In the last 15 months or so, we explored symmetry in Raja’s work. We focused on arrangement based symmetry than instrument based symmetry. It is hard to write about music symmetry if you consider film music as your analysis subject. Some of the parts in this series of articles may sound a bit critical from a symmetry point of view. While it is easy to take a critical technical view, one must realize the drivers for a commercial film music composers:
a) the limits of time to create an interlude (considered a filler by most composers)
b) the overall melody of the interlude and
c) the constraints of an interlude, whose rhythm arrangement and pitch cannot significantly vary from the main song.
Given these constraints, symmetry is definitely not the focus of an average Indian film composer.
Even with all these constraints, we are lucky to have a composer, who navigates these constraints without any difficulty and still delivers near perfect and at times perfectly symmetric C&R based arrangements that have stood the test of time.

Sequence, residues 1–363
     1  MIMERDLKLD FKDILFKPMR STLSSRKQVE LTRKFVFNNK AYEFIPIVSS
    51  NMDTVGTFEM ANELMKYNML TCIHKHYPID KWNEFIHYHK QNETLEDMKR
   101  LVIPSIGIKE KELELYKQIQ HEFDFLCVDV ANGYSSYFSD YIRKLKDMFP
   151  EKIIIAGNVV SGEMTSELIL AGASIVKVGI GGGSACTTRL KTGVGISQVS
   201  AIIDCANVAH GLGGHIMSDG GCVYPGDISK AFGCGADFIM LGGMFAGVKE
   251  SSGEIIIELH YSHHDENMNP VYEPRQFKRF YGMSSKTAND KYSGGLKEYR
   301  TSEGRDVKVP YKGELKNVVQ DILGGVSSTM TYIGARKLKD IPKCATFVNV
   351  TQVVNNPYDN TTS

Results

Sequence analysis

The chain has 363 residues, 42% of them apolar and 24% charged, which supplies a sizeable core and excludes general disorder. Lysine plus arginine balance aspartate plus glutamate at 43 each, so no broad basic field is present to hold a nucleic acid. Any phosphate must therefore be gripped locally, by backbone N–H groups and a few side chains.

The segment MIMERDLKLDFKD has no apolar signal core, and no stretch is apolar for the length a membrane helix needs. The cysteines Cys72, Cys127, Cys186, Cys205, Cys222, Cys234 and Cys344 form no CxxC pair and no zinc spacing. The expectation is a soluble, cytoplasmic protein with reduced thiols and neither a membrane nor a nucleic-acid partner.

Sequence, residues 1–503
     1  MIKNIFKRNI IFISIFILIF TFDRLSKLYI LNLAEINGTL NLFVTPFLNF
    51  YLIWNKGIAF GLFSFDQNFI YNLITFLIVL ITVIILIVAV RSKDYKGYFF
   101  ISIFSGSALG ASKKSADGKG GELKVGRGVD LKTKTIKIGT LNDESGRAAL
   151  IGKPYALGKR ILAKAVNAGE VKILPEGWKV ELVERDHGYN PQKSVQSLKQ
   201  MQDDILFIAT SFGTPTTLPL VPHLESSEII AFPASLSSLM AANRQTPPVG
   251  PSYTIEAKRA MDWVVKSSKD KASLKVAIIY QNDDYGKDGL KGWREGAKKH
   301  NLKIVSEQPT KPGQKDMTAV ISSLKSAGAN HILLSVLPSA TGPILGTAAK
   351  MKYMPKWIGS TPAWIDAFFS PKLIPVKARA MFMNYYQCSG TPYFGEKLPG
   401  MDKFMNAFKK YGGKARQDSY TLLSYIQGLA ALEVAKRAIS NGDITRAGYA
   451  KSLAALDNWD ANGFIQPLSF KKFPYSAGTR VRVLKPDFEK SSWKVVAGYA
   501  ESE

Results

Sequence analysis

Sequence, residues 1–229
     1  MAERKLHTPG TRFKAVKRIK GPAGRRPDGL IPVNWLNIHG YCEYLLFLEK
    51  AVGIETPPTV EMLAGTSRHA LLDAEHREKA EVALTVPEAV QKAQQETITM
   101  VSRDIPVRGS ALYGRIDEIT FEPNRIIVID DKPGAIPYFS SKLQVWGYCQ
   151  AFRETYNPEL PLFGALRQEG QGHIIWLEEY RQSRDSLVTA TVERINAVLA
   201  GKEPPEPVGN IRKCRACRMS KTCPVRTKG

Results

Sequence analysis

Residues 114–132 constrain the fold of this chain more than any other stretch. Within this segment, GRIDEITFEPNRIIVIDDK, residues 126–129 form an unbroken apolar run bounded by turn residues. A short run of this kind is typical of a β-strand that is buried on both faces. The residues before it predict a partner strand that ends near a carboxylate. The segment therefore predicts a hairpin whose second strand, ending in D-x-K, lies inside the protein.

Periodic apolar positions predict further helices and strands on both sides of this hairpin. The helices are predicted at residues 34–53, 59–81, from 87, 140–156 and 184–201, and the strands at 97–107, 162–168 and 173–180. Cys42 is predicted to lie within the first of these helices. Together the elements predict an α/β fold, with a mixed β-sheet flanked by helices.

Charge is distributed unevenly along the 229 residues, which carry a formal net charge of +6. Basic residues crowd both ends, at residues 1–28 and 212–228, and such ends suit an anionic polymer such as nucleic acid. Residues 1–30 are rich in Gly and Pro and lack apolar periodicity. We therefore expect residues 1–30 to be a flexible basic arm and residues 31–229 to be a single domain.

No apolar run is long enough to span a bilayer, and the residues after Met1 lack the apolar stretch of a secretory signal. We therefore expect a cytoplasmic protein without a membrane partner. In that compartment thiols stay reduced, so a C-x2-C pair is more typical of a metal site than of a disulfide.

The entire series on symmetry must be viewed in this light and not as a mere technical analysis of Raja’s work. As always, his wide body of work repeatedly qualifies for such analysis as it is built on very strong musical fundamentals. We have seen this in several analysis series:
- Moods series about the emotions that Raja evokes with his interludes
- Rhythm arrangements and the staggering variety
- Polyphonic arrangements with his interludes
- Polyrhythmic arrangements
- Chorus arrangements
- Symmetrical arrangements
We have hardly scratched the tip of the iceberg as all we have covered in the 150 plus posts are one aspect of Raja’s work – instrumental arrangement.